- Poster presentation
- Open Access
Prediction of gaps in atrial ablation lesion sets by late gadolinium enhancement magnetic resonance imaging
© Harrison et al; licensee BioMed Central Ltd. 2013
- Published: 30 January 2013
- Atrial Fibrillation
- Late Gadolinium Enhancement
- Left Atrial
- Catheter Ablation
- Ablation Lesion
Arrhythmia recurrence following acutely successful catheter ablation for atrial fibrillation (AF) is associated with recovery of conduction across previously complete circumferential or left atrial (LA) linear lesions. Late gadolinium enhancement (LGE) magnetic resonance imaging (MRI) may be able to provide a non-invasive means to identify gaps in ablation lesions. This study assessed this prospectively in patients undergoing repeat LA catheter ablation.
After ablation, three expert blinded reviewers (who were not operators in the repeat procedure) independently scored 3D left atrial (LA) LGE MRI reconstructions (Figure 1) for the presence or absence of gaps at the pulmonary vein-LA junction and across the roof line and mitral line (making a total of 66 lesion sets). Electrical integrity of these lesion sets had been assessed at the time of repeat catheter ablation.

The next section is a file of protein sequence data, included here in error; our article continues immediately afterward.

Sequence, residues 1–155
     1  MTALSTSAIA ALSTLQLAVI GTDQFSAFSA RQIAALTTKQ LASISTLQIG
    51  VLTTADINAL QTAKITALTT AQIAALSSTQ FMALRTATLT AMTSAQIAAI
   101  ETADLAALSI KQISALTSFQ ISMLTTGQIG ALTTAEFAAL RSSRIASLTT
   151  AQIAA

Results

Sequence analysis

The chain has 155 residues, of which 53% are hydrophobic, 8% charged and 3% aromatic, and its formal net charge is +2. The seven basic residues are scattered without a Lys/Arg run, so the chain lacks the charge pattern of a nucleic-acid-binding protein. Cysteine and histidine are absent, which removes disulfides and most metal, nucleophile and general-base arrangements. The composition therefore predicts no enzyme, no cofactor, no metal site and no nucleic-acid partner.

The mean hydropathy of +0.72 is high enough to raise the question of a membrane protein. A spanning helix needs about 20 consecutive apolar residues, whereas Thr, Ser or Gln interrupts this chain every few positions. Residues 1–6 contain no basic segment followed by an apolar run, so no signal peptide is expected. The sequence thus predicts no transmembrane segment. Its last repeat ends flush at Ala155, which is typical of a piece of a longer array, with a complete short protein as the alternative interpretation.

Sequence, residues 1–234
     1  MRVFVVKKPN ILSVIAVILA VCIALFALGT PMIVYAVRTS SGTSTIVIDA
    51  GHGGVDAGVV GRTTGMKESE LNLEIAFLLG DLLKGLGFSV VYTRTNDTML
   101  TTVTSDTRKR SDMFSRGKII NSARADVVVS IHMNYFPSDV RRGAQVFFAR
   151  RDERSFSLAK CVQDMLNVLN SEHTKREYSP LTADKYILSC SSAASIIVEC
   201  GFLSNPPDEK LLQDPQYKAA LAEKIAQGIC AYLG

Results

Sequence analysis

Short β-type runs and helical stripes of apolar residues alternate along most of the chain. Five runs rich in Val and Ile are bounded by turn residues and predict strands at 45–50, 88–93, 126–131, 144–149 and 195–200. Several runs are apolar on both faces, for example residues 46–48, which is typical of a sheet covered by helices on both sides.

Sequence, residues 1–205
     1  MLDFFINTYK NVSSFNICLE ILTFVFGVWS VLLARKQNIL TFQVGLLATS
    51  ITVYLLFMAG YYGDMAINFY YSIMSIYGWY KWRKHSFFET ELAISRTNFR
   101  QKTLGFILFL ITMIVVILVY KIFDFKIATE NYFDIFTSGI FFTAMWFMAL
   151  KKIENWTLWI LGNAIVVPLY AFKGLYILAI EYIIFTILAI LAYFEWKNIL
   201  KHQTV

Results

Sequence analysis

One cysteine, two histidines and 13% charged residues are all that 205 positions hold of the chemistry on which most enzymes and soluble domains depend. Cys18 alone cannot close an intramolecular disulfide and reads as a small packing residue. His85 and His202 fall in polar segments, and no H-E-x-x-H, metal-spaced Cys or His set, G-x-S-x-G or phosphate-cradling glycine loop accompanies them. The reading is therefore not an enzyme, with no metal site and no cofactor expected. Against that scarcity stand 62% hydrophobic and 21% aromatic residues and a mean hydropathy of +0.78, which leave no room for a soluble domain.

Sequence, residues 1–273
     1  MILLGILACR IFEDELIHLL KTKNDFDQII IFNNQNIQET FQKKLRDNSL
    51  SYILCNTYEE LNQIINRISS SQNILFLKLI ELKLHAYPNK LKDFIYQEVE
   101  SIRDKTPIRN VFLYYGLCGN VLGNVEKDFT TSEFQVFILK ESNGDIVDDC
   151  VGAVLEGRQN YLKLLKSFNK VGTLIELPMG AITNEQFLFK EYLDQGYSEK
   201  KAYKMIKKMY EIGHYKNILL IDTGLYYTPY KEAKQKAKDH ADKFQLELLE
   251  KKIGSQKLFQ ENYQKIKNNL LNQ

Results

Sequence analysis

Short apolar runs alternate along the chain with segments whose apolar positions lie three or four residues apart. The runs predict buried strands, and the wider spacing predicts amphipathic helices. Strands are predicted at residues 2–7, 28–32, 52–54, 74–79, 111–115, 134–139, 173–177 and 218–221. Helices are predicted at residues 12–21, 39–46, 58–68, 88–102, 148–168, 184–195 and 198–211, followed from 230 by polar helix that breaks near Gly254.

From the LGE MRI scans, interobserver agreement for detection of any gap was 95%. The positive predictive value of LGE MRI for gap detection was 35%, whilst the negative predictive value was 43%. Specificity and sensitivity were 50% and 28% respectively.
There was a very high degree of agreement between the three reviewers as to the presence or absence of a gap on LGE MRI. However, these gaps detected by LGE MRI were not validated by invasive electrical assessment at the time of repeat catheter ablation.
British Heart Foundation Clinical Research Training Fellowship.
This article is published under license to BioMed Central Ltd. This is an Open Access article distributed under the terms of the Creative Commons Attribution License (http://creativecommons.org/licenses/by/2.0), which permits unrestricted use, distribution, and reproduction in any medium, provided the original work is properly cited.